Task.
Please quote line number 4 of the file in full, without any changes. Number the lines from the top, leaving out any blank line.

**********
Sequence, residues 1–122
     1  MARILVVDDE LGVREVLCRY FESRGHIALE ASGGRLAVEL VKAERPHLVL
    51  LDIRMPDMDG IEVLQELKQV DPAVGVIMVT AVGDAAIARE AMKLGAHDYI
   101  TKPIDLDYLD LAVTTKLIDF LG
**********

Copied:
   101  TKPIDLDYLD LAVTTKLIDF LG